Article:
Another thing not to forget is to treat brokers like people. Brokers get a bad rap sometimes, and it's really not fair. They're just doing their jobs, which is selling. Their perspective is different from an investor, but the good ones try to put themselves in an investor's shoes. You should cultivate brokers as you would any other business partner. And if you ever close a deal with a broker, by all means, take them out to a nice dinner at the best restaurant in town to show your appreciation, even if they were the seller's broker and they got a nice commission check in the deal. It will separate you from the rest of the crowd and speed up the day when you can see those deals they save only for their go-to investors. I can't really emphasize this enough. Treat your brokers as an equal and they will treat you like gold.
@Jonathan Twombly Thanks for all of the advice. I hear a lot of mention of brokers in all of these comments. In my two years of wholesaling single family investments I did not once need to use a broker though. I found sellers/tired investors via direct mail and cold call marketing that didn't even know they wanted to sell their property until I called. Those are the type of "Off Market" deals I am referring too. I always have worked direct with the seller. I am assuming that I could do the same by contacting owners of 10-40 unit properties in my area that are under performing. I was really just curious what everyone else was doing to contact large multi unit investors that worked for them. To be clear, I am not looking for properties in which the owner has already decided to possibly list. At that point I am too late.
@Ryan Lockstein Perhaps those methods will still work in the larger properties. I suppose you lose nothing by trying it out. If it does work, please be sure to keep me updated as to what worked best for you!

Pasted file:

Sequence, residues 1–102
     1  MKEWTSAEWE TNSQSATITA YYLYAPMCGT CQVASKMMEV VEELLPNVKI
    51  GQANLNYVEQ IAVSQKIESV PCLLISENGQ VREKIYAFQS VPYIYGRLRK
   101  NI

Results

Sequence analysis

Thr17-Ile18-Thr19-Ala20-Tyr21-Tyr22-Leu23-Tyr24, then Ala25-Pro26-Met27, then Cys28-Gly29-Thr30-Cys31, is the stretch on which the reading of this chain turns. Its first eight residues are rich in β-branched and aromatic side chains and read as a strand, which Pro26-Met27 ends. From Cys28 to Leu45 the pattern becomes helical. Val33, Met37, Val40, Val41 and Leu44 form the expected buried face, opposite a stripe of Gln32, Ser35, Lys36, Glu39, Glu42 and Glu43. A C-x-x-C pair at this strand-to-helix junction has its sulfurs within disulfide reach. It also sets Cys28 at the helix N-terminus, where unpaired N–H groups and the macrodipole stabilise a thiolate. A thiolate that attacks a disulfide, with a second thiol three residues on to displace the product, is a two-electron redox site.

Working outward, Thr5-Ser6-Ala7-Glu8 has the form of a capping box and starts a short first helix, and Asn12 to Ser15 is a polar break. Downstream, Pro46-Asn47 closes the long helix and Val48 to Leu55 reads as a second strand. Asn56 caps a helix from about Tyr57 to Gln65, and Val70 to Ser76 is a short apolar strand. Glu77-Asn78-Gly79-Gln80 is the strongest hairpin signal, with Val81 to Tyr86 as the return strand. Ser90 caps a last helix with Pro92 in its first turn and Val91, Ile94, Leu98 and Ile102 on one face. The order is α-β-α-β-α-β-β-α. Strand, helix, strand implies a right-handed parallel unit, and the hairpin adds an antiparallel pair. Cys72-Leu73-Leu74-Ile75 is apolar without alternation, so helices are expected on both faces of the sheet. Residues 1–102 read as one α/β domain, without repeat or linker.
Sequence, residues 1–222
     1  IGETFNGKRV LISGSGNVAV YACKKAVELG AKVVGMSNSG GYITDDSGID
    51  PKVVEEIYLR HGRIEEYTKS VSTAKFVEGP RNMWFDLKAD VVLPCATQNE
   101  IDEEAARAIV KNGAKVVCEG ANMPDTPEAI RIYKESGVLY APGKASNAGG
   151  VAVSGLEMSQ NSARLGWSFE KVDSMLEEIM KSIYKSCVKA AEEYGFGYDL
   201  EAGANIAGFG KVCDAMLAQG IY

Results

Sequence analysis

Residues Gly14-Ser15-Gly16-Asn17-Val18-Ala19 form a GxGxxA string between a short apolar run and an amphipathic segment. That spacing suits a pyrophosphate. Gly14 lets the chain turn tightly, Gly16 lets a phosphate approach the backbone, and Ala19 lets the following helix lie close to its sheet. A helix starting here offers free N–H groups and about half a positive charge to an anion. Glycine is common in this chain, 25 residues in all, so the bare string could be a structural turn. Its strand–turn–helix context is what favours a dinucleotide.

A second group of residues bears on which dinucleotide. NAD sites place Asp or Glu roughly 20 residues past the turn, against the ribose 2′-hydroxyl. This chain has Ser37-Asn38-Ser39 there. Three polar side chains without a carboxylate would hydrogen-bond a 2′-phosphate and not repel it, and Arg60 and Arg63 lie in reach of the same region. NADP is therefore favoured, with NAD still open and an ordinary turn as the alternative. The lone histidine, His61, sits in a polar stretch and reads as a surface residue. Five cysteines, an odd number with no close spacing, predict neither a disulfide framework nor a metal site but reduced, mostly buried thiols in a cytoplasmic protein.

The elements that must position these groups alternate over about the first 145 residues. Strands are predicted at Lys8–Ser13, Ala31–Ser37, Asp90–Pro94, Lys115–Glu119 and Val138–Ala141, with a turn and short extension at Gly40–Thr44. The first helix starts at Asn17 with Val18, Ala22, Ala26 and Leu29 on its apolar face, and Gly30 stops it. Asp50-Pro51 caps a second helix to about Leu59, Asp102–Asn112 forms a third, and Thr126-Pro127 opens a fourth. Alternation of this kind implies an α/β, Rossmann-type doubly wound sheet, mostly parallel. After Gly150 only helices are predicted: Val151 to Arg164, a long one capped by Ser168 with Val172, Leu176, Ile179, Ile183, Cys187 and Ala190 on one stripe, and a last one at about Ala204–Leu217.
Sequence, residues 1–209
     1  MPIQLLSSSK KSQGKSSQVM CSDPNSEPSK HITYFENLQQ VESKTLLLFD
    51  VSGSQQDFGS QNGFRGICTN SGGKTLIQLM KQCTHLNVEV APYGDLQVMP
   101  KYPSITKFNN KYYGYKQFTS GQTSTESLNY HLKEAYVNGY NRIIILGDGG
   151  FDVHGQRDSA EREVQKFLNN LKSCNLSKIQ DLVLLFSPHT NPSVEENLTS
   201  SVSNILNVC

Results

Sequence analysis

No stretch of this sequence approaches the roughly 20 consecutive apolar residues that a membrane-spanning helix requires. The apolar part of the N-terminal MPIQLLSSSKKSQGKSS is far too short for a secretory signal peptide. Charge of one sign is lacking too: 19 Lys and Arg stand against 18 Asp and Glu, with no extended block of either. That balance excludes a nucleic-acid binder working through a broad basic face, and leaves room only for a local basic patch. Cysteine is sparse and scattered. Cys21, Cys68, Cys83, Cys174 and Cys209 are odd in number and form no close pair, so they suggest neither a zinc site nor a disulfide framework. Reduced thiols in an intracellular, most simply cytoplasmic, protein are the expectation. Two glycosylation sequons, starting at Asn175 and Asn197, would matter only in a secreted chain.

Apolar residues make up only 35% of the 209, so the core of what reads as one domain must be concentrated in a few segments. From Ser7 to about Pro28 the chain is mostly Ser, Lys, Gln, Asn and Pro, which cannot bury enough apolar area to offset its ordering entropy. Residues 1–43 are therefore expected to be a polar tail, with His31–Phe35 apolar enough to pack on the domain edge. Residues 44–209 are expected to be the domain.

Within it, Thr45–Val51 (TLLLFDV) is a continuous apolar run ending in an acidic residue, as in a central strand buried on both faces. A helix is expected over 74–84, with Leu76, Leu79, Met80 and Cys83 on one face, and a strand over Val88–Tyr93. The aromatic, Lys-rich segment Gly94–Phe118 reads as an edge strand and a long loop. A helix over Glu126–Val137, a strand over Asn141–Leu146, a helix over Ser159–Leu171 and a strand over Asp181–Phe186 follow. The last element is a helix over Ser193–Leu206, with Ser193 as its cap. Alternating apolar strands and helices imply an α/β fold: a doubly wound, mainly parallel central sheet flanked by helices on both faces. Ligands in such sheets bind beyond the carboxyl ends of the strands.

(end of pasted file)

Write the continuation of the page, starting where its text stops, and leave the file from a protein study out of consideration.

Most apartment owners are fairly sophisticated. I don't think trying to market to them directly will be worthwhile. They understand the value of their property and are not going to deal with a wholesaler. Owners receive cold calls from brokers regularly and have no reason to deal with your directly unless you are a well known buyer.
@Joe Bertolino keep us informed on your progress. Marketing to mom and pop owners could be a viable option.
Joe, I respectfully disagree. I know I will be able to get in front of apartment owners of buildings of that size without brokers. I am working a deal on an 8 unit as we speak that I found by sending a postcard to the owner (lead was mixed in with my single family marketing list). He is older and tired of dealing with the building that is in disrepair. We are in negotiations right now. Again I wasn't looking for what you assume wouldn't work but rather someone who has done it and could tell me what works best.
@Jeff Greenberg The mom and pop building you just purchased, how did you find it? Broker, personal connections, or marketing?
Just to be clear, I appreciate everyone's input and advice and I am not opposed to working with brokers or property managers that may have deals for me. I encourage it. As all of you have pointed out though, brokers look for people they have worked with in the past and are proven to close before they send them anything good. I don't want to have to purchase a bad deal from a broker just so I can eventually get a good one.
@Ryan Lockstein anytime I'm in a market where I'm looking to buy, I always go up to the courthouse and attend tenant/landlord disputes. Then try and talk to the landlord rep - sometimes it's a property mgmt contact but other times it's the actual owner who is motivated. I haven't closed on any deals via this tactic but have established relationships that could yield deals later.
@Ryan Lockstein The deal was from a cold call made by a broker I used before. I was his first call even though he had others he could have called. He even lost a relationship with a cash buyer by coming to me first.
I respect what you are trying to do with the marketing. I have difficulty getting good list in my areas of Texas. Let me know if you find a good list source.
@Ryan Lockstein Ryan, not all broker deals are bad deals. In fact, every deal is a good deal at the right price. The issue with brokers is that you may get into a bidding situation, which obviously takes some of your profit away. But you can still do good deals with brokers right off the bat. The trick is to cultivate them first. And I'm a proponent of making contacts in the real estate world through your non-real estate friends. If you are looking at a new market, ask your network if anyone knows a broker in that market. You'll be surprised what you find, and these contacts will short circuit the process for you.
Our first deal was through a broker and we are going to kill it on that deal.